Why We like to Scare Ourselves



By Deborah Abela, children’s author



Why do we like to scare ourselves? Why, when we hear a scary story, do we simultaneously want to block our ears and yet insist it continue, desperate to know what happens next? From Dracula to Frankenstein, to stories about ghosts, goblins and zombies, why do we read these when they scare us witless?

Of course there’s fear and there’s fear…fearing someone has broken into your house, or that something bad has happened to a loved one…no one likes those fears, but sitting in a cinema or reading a book that scares us to within an inch of our Dolby stereo-sound lives….readers and cinema goers love it.

There can be a lot about the world that is scary… fear of the dark, monsters under the bed, dogs, birds, high places, spiders, the boogeyman. When you’re young, there seems to be an endless stream of terrors that will jump out at you, grab you while you’re sleeping or hide in your wardrobe until you’re fast asleep. On camp kids huddle together long after lights-out, telling ghost stories and soon after, inevitably, begin to hear knocking at their door or scraping against the roof, which must, of course, be some crazed monster or vampire or maybe even a murderous criminal escaped from jail. At sleepovers, they insist on scary films and then a night of not getting any sleep.

So why do we do it? We can’t help it. Some behaviorist say our brains are hard-wired to love thrills….whether it’s jumping out of a plane or sitting through Paranormal III. We are drawn to the frightening, the slightly eerie, with the delicious knowledge that any minute now, something terrifying is going to happen.

As part of my school visits over the years, I’ve listened to many ghost stories from kids who were busting to tell tales of the unknown and mysterious. That bump in the night, or the footsteps that woke them from their sleep. Sometimes the noises end up being dad getting a drink or their cat wanting to go outside. Other times, the cause remained unknown. And they love it.

I first learnt of the folktale Bloody Mary from these kids, who, even as they told me, loved the telling but barely held back their fear, equally fascinated and scared, but they didn’t want to stop. After a little more research, I decided to explore this further in Ghost Club Part 2: The Haunted School.

During a year 6 bonding sleepover at the disused boarding school on their college grounds, the story of Bloody Mary is discussed:


‘There are all sorts of legends about who she really was. Some say the story comes from a woman called Mary Worth, who lived over one hundred years ago and was believed to be a witch. Others are convinced it is from Mary Tudor, Queen of England.’

‘Daughter of King Henry the 8th and Catherine of Aragon,’ Edgar added.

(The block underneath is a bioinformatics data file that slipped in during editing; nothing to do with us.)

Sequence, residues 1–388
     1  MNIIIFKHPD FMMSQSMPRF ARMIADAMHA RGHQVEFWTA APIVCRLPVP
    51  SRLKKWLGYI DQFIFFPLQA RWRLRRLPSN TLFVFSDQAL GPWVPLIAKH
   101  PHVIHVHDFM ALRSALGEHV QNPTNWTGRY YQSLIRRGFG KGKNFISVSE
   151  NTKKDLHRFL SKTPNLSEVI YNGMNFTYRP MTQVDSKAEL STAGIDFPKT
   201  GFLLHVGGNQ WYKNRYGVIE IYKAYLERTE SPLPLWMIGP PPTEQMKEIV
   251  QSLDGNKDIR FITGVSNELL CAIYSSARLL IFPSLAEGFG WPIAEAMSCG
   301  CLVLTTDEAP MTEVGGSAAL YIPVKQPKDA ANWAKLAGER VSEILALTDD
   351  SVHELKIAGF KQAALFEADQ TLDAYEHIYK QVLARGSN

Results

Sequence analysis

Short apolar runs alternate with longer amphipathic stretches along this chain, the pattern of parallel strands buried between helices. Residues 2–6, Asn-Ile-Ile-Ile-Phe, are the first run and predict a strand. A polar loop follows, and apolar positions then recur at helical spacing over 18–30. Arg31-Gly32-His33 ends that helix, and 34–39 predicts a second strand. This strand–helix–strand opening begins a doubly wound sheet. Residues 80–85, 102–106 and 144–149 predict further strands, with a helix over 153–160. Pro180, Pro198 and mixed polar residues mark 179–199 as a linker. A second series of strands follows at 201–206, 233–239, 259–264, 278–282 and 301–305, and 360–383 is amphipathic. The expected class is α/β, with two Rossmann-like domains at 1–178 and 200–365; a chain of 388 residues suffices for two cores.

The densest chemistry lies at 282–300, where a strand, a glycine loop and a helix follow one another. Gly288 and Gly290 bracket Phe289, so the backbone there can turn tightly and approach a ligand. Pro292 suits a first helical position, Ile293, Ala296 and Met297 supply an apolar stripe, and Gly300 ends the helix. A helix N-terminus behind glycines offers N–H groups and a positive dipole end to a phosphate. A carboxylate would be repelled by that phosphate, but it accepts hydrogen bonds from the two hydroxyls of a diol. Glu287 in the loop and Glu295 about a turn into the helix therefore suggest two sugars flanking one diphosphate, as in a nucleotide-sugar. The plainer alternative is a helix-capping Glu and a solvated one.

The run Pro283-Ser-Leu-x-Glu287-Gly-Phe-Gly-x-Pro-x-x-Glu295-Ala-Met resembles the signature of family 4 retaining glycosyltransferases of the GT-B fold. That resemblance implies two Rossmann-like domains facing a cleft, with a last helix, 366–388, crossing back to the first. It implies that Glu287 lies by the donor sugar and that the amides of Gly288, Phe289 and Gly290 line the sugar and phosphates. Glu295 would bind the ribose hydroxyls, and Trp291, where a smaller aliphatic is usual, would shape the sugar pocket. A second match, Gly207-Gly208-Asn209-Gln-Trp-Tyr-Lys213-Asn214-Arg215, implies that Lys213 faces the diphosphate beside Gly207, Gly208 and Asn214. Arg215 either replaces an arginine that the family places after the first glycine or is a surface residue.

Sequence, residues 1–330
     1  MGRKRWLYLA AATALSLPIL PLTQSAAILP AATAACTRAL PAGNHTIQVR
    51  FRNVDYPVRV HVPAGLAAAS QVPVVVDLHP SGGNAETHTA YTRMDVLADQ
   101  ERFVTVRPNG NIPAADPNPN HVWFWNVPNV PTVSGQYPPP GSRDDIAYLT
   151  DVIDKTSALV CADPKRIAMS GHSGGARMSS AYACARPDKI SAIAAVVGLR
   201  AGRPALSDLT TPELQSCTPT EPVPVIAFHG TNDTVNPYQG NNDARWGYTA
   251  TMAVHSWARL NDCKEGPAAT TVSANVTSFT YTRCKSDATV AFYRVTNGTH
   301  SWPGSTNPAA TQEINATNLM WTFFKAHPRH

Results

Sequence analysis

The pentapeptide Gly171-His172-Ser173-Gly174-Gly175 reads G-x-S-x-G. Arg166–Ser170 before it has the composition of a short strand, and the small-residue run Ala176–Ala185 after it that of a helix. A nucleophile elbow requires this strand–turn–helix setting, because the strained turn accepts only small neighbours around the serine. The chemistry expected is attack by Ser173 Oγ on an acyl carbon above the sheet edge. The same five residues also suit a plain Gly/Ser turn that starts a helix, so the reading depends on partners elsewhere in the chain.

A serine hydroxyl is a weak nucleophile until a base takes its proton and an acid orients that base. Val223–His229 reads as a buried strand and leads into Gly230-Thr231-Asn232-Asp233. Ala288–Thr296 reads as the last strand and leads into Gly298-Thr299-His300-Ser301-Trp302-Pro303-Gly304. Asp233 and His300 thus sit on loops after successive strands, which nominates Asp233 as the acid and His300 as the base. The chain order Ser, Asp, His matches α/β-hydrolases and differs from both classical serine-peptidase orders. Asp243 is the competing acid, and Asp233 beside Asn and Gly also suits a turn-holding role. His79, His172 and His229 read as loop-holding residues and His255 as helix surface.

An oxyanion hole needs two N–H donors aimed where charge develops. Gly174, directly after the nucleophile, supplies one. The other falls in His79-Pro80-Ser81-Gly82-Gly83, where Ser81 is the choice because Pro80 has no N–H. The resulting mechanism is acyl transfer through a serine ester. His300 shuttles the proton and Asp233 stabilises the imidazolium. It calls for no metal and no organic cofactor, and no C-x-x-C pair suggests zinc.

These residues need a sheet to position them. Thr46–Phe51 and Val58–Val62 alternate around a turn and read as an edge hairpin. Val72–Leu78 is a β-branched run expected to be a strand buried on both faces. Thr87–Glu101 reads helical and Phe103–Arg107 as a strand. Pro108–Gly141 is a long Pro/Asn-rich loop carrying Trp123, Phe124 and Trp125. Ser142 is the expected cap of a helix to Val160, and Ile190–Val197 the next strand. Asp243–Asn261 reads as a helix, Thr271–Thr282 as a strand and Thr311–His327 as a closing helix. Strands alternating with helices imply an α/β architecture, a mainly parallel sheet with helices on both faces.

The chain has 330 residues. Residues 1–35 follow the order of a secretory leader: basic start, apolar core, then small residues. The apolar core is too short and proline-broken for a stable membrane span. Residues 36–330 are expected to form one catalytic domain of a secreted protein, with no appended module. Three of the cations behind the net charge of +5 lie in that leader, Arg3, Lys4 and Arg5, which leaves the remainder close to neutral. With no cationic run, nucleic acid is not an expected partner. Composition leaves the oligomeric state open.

Lila smiled. ‘Yes and when she ruled England, she had many people put to death for committing heresy.’

‘What’s heresy?’ Charlie asked.

‘In this case, people who didn’t follow the same religion she did. In a short five years, she had so many people killed, she earned the name, Blood Mary. Folklore says that if you want to see her, go into a bathroom, turn the lights off, stand in front of a mirror and repeat her name three times and she will appear.’


Of course, the tale is simply that…a story. Something made up, that many have attempted to do, with the result being terrifying themselves, with not an ounce of Bloody Mary in sight.

Librarian and storyteller Angela Reynolds, who has shared a few ghostly tales with kids over the years, has a theory that fear in story form is a fun kind of fear, a place where people can confront the unknown in the safety of their own minds. (source: http://www.cbc.ca/books/2012/08/why-do-scary-stories-still-scare-when-were-grown-up.html)

The California Science Centre created an exhibition that looked at fear. How it affects our brains, what causes it and, fascinatingly, asks the question, ‘is what we fear really as frightening as we think?’

(source: http://www.fearexhibit.org/media/perceived_risk)

          This is one of the main themes I explore in the Ghost club series and in my novel, The Remarkable Secret of Aurelie Bonhoffen. In the first, my two young heroes investigate ghostly sites, without a skerrick of fear, while Aurelie faces a 100-year-old family secret ,which has something to do with ghosts. It is a little hard to get used to at first, but she comes to realise that all families are different in their own unique way.

As a children’s author, it is very important to me that when kids read my books, they laugh, explore and immerse themselves into somewhere fascinating.           As Roald Dahl said,

‘Books shouldn’t be daunting, they should be funny, exciting and wonderful.’

But as Sonya Hartnett once said,

A quality book for young people should leave them a different and slightly better person than the one they were when they began reading the book.’

And I agree. While making kids laugh, cry, or their hearts race, one of the most important reasons for reading is that books can also show us how it is to be human. They can create a sense of empathy, of seeing the world through someone else’s eyes. It shows us how we all want to be valued, loved, laugh and, that even though life can be scary at times, mostly it is a place full of wonders, excitement and sometimes a few pesky ghosts.

Angeline says it well when she talks about fear to the fear-filled Dylan, the newest ghost catcher,


‘Grandma Rose says it’s good for us to face our fears.’

‘Because it’s good to let the world know what cowards some of us really are?’

‘No.’ Angeline laughed. ‘Because sometimes what we’re most scared of isn’t that scary at all.’



Visit the next stop on Deborah’s blog tour:


Did you miss the previous stop? See http://lovethatbook.net/

To see all the stops on the tour see http://www.DeborahAbela.com



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